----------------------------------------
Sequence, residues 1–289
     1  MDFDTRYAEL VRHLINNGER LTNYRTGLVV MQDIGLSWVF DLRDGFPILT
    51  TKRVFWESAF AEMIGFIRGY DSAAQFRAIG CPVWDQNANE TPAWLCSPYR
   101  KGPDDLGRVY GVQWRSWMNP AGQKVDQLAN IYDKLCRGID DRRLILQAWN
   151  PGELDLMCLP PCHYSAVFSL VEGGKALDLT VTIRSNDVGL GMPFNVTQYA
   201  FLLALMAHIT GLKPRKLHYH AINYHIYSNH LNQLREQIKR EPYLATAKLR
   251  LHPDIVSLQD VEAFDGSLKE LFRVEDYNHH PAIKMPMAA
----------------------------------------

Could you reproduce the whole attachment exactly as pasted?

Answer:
Sequence, residues 1–289
     1  MDFDTRYAEL VRHLINNGER LTNYRTGLVV MQDIGLSWVF DLRDGFPILT
    51  TKRVFWESAF AEMIGFIRGY DSAAQFRAIG CPVWDQNANE TPAWLCSPYR
   101  KGPDDLGRVY GVQWRSWMNP AGQKVDQLAN IYDKLCRGID DRRLILQAWN
   151  PGELDLMCLP PCHYSAVFSL VEGGKALDLT VTIRSNDVGL GMPFNVTQYA
   201  FLLALMAHIT GLKPRKLHYH AINYHIYSNH LNQLREQIKR EPYLATAKLR
   251  LHPDIVSLQD VEAFDGSLKE LFRVEDYNHH PAIKMPMAA